One thing we’re always told when dealing with salary negotiations for a job is to NEVER leave money on the table. So how do you navigate the talk, especially when you’ve been at your job for a long time?
Enter Tonya Rapley, Founder and CEO of MyFabFinance.com, a leading financial education and lifestyle blog for millennials who want to become financially free and do what they love. Tonya chatted it up with me on a few things we should definitely keep in mind when talking money (if you ain’t talking money, I don’t want to talk).
Why should you negotiate your salary when offered a job?
“Even when the offer seems great, you should always negotiate. A lot of companies nowadays will try to offer you the minimum amount so they can come in under what their yearly budget is. What happens is a lot of people assume that the number they’re being offered is the most that they can get, when most times, there’s room to get more.
Negotiations ensure you’re getting the most money they’ve set aside for your division, but I also believe effective negotiations prove the level of respect they have for you and you have for yourself. If you can properly negotiate for yourself, they know you can advocate for things you care about. It also puts you in a position to show your tentative employer that you could become involved in the decision-making process of other company things down the road. It leaves the conversation open of what you need and what you’d like, and it sets it up for good things later.”
Is there any way negotiating can be too bold?
“It’s all in how you ask. You want to be tactful in the request, definitely not abrasive. ‘Professionally respectful’ is always the way to go. At the end of the day, if you do not constitute your worth, other people will set it for you. You have to advocate for your own interests.”
What should every person need to know when going into salary negotiations?
“For a new hire, do your research. Find out what that salary commands regionally and nationally in your job fields. Have a clear understanding of what your responsibilities are going to be. Internally, you need to decide what you’re willing to take to do the job and what your finances can handle. Also, you should do the research on the benefits package. What are the benefits outside of salary that are negotiable? It’s not just about salary and the base pay.
Also, know the key players when going into salary negotiations. Find out who has the power to make those decisions because you want to keep them in mind.”
Aside from salary, what other benefits can be negotiated?
“You have equity, 401k, vacation time, stock options and so much more that you can negotiate. These are all just as important to the package as your salary.”
What are things you should DEFINITELY say during the negotiation?
“You should relate the skill sets you have to the position at hand, so you can relay why you’re more qualified and deserving of the salary that you say you want. It’s not selling yourself—it’s selling your skill set to be an asset to that company. When you’re having that convo, be sure to show not how their salary is helping you, but how their properly compensating you sets them and their company up for a better outcome. Directly relating why you’re valuable is key, but walk a line. Don’t be entitled to a salary or extremely boastful of what you do. But still remain assertive.”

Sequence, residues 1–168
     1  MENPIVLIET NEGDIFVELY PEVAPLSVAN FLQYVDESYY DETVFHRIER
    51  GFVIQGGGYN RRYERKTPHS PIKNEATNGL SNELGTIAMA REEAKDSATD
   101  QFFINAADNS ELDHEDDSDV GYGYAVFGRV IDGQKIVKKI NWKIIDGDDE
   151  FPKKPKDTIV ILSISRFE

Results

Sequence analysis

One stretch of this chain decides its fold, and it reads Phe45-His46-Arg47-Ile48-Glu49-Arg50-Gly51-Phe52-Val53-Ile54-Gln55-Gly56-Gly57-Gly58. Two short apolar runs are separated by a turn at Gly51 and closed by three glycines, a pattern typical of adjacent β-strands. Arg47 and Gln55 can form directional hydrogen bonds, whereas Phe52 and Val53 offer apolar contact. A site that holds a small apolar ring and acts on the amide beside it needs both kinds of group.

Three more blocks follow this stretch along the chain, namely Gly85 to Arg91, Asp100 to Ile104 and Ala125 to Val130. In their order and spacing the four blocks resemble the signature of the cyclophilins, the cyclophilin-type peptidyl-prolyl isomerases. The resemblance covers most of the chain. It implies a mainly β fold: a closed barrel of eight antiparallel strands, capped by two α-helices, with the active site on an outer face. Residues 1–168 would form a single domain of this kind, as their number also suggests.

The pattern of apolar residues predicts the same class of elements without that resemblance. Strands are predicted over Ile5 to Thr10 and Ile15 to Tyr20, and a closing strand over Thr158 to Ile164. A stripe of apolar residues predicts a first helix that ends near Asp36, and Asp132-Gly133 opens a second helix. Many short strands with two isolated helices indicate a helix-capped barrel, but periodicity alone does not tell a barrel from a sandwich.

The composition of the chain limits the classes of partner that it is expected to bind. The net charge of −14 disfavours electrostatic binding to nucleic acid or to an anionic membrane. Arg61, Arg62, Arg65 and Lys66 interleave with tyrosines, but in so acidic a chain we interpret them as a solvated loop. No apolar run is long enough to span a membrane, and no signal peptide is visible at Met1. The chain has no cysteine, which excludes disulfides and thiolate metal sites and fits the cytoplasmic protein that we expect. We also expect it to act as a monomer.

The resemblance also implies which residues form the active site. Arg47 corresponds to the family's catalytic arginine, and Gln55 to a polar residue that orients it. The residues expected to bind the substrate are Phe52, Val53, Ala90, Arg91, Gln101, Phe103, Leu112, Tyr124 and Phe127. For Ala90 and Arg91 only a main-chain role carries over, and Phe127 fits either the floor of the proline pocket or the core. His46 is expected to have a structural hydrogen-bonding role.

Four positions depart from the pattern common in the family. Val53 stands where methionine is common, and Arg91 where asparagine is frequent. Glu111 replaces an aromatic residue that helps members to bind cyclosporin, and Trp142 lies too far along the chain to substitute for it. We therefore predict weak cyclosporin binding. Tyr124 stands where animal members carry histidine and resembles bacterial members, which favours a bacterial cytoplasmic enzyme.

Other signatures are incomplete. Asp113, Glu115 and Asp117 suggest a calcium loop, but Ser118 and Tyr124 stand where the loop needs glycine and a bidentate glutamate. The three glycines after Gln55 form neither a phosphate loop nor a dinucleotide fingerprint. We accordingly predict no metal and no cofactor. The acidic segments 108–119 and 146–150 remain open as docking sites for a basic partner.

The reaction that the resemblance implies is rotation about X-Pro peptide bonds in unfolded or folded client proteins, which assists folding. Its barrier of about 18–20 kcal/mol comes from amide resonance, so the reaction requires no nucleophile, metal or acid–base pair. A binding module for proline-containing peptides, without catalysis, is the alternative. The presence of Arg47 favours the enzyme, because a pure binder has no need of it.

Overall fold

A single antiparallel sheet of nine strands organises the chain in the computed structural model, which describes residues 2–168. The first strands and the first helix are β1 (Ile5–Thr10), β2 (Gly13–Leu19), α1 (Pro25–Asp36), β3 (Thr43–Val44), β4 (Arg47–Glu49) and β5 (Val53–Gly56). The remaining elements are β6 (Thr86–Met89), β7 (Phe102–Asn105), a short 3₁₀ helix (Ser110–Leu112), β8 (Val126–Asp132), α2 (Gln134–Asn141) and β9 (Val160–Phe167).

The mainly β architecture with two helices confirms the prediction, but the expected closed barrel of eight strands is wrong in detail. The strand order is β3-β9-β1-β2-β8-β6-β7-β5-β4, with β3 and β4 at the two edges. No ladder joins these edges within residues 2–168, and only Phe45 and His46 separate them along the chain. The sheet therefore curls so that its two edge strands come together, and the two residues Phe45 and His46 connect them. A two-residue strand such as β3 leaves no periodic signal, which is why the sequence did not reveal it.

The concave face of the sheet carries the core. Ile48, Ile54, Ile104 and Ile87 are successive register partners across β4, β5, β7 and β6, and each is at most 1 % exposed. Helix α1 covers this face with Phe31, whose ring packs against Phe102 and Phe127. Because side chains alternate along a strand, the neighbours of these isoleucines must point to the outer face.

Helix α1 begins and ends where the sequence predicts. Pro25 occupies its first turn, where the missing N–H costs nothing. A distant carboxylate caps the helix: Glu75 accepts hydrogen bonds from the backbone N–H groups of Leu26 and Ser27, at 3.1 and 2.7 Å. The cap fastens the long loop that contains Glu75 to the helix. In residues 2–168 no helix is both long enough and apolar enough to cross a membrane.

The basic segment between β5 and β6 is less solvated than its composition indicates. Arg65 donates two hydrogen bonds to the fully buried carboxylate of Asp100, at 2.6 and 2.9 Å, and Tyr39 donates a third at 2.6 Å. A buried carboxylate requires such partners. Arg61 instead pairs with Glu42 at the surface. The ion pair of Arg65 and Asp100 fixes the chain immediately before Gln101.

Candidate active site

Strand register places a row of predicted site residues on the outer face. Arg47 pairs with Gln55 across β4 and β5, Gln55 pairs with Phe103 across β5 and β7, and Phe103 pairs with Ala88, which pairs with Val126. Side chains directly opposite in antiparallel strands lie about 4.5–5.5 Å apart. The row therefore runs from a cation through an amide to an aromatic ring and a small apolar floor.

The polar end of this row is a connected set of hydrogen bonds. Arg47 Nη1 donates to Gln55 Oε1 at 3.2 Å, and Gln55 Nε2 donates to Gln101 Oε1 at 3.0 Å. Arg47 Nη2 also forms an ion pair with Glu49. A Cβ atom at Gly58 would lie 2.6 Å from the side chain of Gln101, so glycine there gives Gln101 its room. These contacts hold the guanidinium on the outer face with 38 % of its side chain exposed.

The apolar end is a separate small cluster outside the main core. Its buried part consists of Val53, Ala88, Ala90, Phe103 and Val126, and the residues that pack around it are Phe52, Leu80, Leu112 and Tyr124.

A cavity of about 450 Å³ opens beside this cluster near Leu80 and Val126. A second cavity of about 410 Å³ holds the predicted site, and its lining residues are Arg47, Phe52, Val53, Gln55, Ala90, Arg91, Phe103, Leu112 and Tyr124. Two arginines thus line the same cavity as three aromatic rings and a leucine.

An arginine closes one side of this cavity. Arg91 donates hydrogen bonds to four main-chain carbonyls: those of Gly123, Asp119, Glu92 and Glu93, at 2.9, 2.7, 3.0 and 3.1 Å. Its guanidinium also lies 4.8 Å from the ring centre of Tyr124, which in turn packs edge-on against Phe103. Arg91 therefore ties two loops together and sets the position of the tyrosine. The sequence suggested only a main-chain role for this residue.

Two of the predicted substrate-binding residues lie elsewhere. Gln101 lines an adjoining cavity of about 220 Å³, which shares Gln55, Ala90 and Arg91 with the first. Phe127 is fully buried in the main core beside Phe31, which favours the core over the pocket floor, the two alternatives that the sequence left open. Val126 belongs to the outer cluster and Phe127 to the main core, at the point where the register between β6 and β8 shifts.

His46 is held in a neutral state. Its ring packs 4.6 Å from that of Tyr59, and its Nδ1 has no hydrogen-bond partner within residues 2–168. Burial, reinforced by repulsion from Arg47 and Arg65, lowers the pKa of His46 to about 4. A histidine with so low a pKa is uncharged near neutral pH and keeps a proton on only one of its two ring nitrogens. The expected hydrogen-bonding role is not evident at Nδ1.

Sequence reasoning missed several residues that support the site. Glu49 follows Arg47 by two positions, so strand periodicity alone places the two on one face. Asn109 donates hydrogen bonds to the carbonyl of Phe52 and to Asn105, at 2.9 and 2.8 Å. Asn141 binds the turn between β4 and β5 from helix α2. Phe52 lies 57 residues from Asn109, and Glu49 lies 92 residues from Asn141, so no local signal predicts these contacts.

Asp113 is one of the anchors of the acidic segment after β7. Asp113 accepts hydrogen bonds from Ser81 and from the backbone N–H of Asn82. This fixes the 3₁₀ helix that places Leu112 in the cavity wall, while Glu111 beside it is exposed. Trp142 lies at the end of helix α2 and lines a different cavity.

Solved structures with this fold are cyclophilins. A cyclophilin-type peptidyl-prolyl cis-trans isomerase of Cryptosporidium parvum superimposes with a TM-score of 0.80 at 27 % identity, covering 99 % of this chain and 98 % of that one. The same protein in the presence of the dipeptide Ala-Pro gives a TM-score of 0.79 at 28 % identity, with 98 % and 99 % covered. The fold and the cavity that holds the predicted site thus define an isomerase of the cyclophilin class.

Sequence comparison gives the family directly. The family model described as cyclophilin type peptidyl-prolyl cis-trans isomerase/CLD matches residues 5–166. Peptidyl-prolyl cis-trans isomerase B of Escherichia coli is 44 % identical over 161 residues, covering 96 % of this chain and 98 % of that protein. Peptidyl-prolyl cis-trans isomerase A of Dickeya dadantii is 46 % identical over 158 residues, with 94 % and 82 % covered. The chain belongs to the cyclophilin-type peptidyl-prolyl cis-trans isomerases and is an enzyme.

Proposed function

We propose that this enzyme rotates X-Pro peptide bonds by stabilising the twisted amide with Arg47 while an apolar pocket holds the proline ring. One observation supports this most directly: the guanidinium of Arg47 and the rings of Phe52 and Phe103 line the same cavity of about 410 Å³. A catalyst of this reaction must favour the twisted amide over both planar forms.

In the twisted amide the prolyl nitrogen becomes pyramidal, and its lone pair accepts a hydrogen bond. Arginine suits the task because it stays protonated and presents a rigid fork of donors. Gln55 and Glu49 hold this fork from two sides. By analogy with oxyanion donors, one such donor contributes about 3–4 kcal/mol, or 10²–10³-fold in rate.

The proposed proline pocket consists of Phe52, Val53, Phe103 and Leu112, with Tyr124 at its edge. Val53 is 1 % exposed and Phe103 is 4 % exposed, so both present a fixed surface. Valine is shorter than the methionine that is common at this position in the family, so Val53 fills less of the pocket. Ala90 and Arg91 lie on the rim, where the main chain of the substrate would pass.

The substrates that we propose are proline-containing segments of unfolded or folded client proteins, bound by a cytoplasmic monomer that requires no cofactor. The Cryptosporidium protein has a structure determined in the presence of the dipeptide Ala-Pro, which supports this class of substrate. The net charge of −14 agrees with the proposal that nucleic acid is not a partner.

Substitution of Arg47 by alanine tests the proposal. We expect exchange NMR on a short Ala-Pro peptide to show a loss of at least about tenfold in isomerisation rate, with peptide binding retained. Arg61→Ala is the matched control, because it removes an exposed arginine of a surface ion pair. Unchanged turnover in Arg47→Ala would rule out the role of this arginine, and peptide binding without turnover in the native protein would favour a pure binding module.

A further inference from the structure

When should you settle and how do you determine when to walk away?
“Weigh the pros and cons. If you’re interested in the position and it’s beneficial for your career and goals, weigh out if the pay is worth the work. During the negotiation process, say you’re flexible and work it out. They may not have the funds at the moment, but have it in six months. Also, it’s possible to take the job and continue to look while you get back up on your feet if you’ve been unemployed. Just weigh the pros and cons and figure out what is best for you short term and long term.
What are some steps you can take if you’ve been in your role for some time and didn’t negotiate?
Request a performance review. That gives you space to open up to your employer about requesting a salary discussion. You can also go through HR and ask them, based on company culture, what’s the best way to go about requesting a pay evaluation. You may have to wait till that yearly review to ask for the salary increase, but one thing I will say: if you do get that performance review and want to talk salary negotiations, you should have by then kept a ledger with everything you’ve done since joining the company and your worth to them. You’re also in a good position to negotiate because you will have established connections in the company and will hopefully have people who can attest to your work.
For those who take a low-paying job to start, what are some finance tips on budgeting your income?
It’s not stretching your money out. It’s adapting your lifestyle to your income. It may mean you can’t dine out with your friends as much or adopting a ‘Keeping Up With the Joneses’ mentality. You could pick up a side hustle and freelance opportunities to supplement your income as well. Regardless, you can’t stretch zero. You just have to reduce your lifestyle and make the proper adjustments.
Any other negotiating tips you can add?
Don’t get so excited that you forget to negotiate. Every company is different and can have resources that are helpful to you and your career trajectory.